Turkey-EU energy chapter will not bring benefits – minister

Aura Sabadus


Opening up the EU’s Energy Chapter for Turkey, a move that would help to fast-track the liberalisation of its electricity and gas markets and harmonise its laws with those of the EU would not bring benefits to the country, the Turkish energy minister Taner Yildiz told ICIS on Thursday.

Negotiations on the chapter, which are part of the EU’s accession procedure, had been put on hold following a unilateral blockage of six chapters by southern Cyprus in 2009. The veto came in response to Ankara’s refusal to allow Greek Cypriot ships and aircraft to use Turkish ports and airports.

However, Turkish private companies have re-ignited discussions about the opening of the chapter, as interest in speeding up liberalisation reforms in the energy sector and the sourcing of natural gas from Cyprus and Israel is growing.

In an interview organised by the EU Delegation in Turkey, Yildiz said Turkey saw itself as part of the EU, but extensive delays caused by Brussels in sending out positive signals had left Turkey to pursue its own reforms in the energy sector.

“We see ourselves as part of the EU, but we are like a living person without an ID card. […] If they [the EU] open the chapter, we will welcome it, but it will not bring a lot of pluses.”

Despite dismay with Europe’s delays, public support for Turkey’s EU accession has shot up from 44% in 2013 to 53% in 2014.

Furthermore, energy companies argue that much-needed reforms such as the unbundling of the state gas company, BOTAS, the creation of transparent, liquid electricity and gas markets and the strengthening of electricity and gas interconnections, which are being pursued by the Turkish government, would happen quicker if Turkish laws and practices were harmonised with those of the EU. They also point to the success of Turkey’s electricity interconnections with Bulgaria and Greece under the umbrella of the European Network of Transmission System Operators (ENTSO-E) which has so far allowed Turkey to take advantage of comparatively cheaper electricity from the EU and said the same links should be replicated for natural gas.

The opening of the chapter, which is one of 33 that Turkey has to negotiate with the EU and transpose into its laws before becoming a member, would also be beneficial to the EU.

Turkey itself is of key importance to Brussels which has been long advocating the establishment of new transit routes for non-Russian gas imports. Thanks to its geography Turkey would be a corridor for the transport of Caspian, Middle Eastern and Levantine gas. The alignment of Turkey’s energy regulations with those of the EU, as outlined in its three energy packages, would guarantee the stability of gas exports to Europe via Turkey.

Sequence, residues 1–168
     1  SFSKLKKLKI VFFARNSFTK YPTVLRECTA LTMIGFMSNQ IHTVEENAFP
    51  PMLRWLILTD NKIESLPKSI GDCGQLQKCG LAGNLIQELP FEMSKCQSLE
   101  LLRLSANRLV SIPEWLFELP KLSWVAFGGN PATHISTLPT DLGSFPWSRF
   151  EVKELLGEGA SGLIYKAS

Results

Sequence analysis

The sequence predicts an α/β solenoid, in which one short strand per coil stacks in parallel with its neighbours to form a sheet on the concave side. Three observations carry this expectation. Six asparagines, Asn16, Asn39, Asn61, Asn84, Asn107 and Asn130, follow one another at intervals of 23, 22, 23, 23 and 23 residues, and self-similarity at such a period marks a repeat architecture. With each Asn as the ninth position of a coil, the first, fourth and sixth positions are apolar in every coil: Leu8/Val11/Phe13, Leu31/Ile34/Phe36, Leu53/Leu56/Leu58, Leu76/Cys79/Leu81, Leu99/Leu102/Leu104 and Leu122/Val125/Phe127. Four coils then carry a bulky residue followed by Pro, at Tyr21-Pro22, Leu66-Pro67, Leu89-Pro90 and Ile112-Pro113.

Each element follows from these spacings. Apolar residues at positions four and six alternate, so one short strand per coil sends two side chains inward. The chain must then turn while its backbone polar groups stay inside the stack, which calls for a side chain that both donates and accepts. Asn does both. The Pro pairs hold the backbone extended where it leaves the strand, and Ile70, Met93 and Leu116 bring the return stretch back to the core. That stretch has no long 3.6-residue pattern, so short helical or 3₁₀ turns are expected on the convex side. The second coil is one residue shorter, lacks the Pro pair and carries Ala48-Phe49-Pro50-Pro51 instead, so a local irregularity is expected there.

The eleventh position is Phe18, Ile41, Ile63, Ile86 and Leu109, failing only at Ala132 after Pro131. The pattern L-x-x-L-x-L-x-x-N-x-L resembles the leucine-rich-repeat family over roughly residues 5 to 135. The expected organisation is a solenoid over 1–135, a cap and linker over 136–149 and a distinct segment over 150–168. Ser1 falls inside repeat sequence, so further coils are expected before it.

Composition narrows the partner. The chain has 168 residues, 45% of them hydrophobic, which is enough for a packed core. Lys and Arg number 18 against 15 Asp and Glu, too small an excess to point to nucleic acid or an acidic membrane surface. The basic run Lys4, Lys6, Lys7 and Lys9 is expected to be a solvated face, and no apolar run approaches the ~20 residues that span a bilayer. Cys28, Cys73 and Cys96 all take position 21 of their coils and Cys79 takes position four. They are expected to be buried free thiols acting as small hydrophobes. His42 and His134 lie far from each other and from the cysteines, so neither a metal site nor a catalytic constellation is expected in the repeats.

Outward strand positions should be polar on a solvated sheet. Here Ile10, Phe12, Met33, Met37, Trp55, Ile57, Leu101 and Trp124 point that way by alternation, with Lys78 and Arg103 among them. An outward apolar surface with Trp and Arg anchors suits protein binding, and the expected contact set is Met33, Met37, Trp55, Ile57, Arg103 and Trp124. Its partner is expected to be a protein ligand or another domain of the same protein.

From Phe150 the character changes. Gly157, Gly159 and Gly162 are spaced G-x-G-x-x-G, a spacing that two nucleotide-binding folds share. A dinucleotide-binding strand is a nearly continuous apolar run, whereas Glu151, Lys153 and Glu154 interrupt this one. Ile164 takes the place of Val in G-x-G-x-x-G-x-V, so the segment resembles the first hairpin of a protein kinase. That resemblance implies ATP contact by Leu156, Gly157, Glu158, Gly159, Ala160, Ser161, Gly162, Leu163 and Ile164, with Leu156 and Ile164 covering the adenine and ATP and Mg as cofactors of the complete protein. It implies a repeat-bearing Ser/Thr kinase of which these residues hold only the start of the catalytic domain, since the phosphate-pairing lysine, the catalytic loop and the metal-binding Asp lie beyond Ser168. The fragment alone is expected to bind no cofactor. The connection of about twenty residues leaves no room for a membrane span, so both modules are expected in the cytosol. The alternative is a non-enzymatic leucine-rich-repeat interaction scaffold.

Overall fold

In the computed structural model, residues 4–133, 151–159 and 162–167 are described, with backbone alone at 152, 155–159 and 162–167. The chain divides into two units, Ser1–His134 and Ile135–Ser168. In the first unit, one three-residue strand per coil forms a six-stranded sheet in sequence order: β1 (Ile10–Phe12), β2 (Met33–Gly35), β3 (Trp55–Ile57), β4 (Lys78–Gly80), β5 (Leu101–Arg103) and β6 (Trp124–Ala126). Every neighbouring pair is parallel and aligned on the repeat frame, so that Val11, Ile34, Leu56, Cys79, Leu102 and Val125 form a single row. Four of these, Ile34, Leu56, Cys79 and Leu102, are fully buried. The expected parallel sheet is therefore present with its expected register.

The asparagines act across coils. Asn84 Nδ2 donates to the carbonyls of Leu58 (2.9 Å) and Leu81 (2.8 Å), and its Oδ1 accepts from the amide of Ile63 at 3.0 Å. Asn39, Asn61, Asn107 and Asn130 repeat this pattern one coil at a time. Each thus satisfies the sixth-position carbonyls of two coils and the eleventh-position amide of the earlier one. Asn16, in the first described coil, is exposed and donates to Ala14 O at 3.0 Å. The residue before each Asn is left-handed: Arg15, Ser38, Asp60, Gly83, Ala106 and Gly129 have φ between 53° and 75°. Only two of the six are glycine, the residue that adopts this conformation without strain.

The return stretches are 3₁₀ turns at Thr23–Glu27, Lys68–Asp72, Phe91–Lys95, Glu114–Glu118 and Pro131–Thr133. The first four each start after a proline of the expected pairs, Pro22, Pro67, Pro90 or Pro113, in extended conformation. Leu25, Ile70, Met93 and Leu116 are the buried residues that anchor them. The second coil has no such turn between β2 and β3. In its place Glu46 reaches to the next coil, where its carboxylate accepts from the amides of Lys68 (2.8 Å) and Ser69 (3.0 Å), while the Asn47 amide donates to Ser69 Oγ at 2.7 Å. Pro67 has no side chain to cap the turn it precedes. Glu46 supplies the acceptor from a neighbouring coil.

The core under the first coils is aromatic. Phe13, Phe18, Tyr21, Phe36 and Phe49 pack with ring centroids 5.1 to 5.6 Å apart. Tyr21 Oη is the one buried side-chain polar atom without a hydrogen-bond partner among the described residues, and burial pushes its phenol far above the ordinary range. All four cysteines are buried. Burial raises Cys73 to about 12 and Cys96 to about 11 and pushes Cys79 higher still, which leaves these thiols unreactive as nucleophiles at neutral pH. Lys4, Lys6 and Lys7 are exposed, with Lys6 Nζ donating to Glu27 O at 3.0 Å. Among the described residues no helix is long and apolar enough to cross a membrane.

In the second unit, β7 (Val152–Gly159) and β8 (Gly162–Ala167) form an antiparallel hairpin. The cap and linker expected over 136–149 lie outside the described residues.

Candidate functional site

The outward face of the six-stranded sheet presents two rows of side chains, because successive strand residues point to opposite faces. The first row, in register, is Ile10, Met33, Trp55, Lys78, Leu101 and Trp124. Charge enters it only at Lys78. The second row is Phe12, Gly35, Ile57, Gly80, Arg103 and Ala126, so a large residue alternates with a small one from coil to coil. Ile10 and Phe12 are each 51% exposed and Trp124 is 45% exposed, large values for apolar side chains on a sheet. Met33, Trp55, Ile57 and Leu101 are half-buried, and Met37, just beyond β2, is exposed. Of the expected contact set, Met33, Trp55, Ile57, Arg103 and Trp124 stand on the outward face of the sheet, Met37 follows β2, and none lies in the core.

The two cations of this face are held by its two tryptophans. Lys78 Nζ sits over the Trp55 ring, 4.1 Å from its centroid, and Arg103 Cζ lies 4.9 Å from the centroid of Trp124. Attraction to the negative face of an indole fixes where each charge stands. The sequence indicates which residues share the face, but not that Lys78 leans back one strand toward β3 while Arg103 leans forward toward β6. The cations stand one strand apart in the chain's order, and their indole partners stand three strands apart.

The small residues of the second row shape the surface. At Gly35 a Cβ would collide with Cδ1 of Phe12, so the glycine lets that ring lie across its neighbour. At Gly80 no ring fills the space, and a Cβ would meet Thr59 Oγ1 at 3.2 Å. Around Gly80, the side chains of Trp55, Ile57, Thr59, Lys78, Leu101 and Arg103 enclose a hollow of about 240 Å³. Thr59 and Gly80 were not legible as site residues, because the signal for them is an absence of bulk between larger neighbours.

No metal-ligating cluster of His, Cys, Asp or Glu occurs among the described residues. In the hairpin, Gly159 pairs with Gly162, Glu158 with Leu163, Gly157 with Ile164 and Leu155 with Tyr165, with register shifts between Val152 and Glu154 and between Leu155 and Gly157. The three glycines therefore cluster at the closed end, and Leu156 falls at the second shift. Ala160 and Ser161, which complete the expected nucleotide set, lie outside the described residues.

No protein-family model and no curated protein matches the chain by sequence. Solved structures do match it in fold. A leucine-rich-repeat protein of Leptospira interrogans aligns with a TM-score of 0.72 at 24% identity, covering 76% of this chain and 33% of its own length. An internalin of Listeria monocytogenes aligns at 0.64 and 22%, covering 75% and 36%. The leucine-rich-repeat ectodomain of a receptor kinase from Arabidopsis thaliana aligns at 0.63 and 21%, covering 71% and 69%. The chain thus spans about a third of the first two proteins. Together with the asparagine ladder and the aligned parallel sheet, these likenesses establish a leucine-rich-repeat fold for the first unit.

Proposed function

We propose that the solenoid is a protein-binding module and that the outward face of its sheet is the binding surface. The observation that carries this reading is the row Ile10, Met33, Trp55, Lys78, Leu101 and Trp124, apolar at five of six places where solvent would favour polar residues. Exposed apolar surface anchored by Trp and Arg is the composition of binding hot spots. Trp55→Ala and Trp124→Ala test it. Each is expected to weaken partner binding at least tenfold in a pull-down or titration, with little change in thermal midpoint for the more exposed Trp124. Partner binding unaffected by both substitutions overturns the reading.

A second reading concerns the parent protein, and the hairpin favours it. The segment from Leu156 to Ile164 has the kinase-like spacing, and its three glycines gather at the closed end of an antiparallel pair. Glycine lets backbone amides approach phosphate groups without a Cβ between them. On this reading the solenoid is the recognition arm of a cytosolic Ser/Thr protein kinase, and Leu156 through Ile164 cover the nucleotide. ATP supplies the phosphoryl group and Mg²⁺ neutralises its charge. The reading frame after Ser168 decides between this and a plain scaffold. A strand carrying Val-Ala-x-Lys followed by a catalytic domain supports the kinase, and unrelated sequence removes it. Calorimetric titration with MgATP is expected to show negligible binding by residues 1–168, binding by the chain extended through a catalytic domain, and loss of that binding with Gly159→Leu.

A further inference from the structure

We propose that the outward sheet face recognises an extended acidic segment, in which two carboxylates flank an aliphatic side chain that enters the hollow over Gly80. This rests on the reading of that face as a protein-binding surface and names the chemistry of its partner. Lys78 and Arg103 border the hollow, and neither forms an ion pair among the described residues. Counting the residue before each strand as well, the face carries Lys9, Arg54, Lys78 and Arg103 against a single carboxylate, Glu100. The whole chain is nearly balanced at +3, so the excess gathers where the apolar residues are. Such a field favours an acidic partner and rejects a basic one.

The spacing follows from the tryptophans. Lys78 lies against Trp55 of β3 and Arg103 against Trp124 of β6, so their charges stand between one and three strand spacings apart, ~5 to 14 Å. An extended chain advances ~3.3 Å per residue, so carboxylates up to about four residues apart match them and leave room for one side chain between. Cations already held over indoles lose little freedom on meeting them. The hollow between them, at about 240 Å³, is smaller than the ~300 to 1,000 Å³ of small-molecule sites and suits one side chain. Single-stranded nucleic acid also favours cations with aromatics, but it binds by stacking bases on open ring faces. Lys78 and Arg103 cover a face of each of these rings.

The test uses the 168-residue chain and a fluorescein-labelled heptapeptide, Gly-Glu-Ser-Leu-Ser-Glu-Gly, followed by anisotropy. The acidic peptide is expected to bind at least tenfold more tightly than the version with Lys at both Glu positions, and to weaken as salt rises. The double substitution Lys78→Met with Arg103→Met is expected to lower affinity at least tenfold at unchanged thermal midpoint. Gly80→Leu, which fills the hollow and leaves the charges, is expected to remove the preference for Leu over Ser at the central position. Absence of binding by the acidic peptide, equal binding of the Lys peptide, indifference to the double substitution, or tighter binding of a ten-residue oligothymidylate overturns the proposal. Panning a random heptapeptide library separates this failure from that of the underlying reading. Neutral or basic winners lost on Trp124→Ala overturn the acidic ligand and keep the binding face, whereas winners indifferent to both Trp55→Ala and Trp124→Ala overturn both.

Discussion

However, at the beginning of December, Turkey and Russia announced plans to transport 63 billion cubic metres of gas to Turkey and Europe, raising questions about sourcing alternative supplies and Turkey’s role in Europe’s much-vaunted Southern Gas Corridor.

Turk Stream and Blue Stream

The project is designed to bring 50bcm/year of gas to the Turkish-Greek border and will replace the now defunct 63bcm/year South Stream pipeline which was expected to carry Russian gas to Italy and Austria. Critics have argued that southern Europe which has subdued demand will be unable to absorb the vast quantities of gas which will be just fractionally short of Russia’s recently pledged 68bcm/year to China.

Yildiz said the Memorandum of Understanding signed between Turkey and Russia for the building of the project was not legally binding and stressed that the importing activity will be carried out between Russia and EU member states, in particular France, Italy and Germany, which were partners in the South Stream project.

“EU partners will carry out the [new] project and they will need to come up with a solution [as to what they want to do with the 50bcm/year of gas],” he said.

The minister said the 14bcm which Russia pledged to export to Turkey as part of the latest project – alternately dubbed Turk Stream or Blue Stream 2 – would not be in addition to what Turkey already receives through the Western Line which transits Ukraine. However, he noted that the volumes may either continue to be transported through the existing pipeline which feeds the high-consumption western Marmara region or be diverted through the new infrastructure.

He added that if Turkey required more natural gas volumes, Russia would be able to help.

He also pointed out that the additional 3bcm/year that would be shipped through the existing Blue Stream pipeline across the Black Sea, possibly from 2016, would be freed up to the private sector. Aura Sabadus


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